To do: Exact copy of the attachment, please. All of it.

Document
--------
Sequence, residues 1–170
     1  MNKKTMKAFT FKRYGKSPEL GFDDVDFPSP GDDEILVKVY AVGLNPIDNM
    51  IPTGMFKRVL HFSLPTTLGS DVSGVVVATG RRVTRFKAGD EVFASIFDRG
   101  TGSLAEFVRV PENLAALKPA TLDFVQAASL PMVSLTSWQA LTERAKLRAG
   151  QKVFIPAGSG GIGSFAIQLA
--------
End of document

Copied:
Sequence, residues 1–170
     1  MNKKTMKAFT FKRYGKSPEL GFDDVDFPSP GDDEILVKVY AVGLNPIDNM
    51  IPTGMFKRVL HFSLPTTLGS DVSGVVVATG RRVTRFKAGD EVFASIFDRG
   101  TGSLAEFVRV PENLAALKPA TLDFVQAASL PMVSLTSWQA LTERAKLRAG
   151  QKVFIPAGSG GIGSFAIQLA